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MRSA CC398 found in ASDA and Sainsbury’s pork products

3 October 2016  •  Author(s): Roy Manuell, Digital Content Producer

The strain of superbug MRSA that affects livestock has been found in UK-produced pork in supermarkets ASDA and Sainsbury’s.


It is thought the findings could have serious and damaging implications for human health, experts reported today. As the UK verges on the brink of another food safety scandal following the E. coli outbreaks that have plagued 2016, the findings present a fresh worry for the British market.

It is thought, as revealed by the Guardian in association with the Bureau of Investigative Journalism (BIJ), a loophole in regulations is inviting MRSA CC398-infected live pigs to be imported from countries such as Denmark where the disease is widespread. 

MRSA CC398, while less harmful than the deadly hospital bug that kills over 300 a year throughout the UK, it remains a potentially deadly bacteria which can be resistant to even the strongest of antibiotics. 

This follows our recent coverage of the dangers of antimicrobial resistance in association with charity Alliance to Save Our Antibiotics.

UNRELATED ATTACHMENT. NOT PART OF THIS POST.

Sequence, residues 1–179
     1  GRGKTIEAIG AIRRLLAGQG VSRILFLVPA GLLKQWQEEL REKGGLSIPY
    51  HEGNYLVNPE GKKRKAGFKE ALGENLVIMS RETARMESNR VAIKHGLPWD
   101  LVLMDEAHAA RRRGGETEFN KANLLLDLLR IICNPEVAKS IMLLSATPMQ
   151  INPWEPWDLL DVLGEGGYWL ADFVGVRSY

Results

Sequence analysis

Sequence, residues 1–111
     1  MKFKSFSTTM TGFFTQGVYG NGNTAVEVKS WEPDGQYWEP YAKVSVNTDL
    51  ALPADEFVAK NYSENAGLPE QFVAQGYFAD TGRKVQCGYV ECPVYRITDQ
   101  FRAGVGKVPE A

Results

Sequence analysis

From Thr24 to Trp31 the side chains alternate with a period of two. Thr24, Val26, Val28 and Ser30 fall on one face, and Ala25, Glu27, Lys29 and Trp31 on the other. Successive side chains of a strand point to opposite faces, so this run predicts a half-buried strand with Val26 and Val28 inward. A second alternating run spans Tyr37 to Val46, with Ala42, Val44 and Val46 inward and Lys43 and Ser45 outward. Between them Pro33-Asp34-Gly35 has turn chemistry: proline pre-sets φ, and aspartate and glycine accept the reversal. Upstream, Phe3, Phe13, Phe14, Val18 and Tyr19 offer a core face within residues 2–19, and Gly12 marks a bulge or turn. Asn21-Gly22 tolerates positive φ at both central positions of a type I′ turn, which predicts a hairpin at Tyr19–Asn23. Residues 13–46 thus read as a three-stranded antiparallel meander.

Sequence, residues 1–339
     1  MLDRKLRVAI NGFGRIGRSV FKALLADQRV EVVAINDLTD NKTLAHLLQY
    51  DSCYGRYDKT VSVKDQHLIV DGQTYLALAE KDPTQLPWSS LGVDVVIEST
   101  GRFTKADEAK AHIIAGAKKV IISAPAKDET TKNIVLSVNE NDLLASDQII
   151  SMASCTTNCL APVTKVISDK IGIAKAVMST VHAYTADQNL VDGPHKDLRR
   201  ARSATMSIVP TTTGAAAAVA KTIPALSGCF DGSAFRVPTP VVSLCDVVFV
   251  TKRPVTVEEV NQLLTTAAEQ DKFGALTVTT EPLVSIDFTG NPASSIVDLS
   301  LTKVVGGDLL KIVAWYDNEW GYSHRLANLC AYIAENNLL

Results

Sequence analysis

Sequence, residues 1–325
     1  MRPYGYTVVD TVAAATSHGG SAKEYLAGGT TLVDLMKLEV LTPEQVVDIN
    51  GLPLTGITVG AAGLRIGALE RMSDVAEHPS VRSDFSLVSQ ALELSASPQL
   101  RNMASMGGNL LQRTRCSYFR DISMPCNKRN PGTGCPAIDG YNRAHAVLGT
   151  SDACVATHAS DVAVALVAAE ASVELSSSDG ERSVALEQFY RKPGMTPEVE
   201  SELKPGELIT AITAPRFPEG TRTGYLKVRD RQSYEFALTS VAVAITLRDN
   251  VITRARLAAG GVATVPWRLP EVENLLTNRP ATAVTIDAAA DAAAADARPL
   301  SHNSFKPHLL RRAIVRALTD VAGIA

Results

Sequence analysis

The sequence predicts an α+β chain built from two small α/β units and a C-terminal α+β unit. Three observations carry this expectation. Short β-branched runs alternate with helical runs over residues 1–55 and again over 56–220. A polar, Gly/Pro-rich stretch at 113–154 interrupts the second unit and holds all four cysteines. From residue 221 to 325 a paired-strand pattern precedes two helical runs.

The tests carried out on 97 samples of UK-produced pork products found MRSA CC398 in three of them, taken from ASDA and Sainbury’s.

The loophole in question regards the refusal of the UK government to screen for the infection on imported animals, arguing that is represents an unnecessary cost to an unlikely problem. However, several experts hope that the findings – the first to name specific supermarkets – will spurn the government to change its mind. 

The main cause of the spreading of MRSA CC398 is from animal-to-animal contact on farms and as is thought to be the case with almost all cases of a similar nature, the overarching issue stems from a market-imposed pressure to produce as much meat as cheap as possible.

More information on the issue to come soon…

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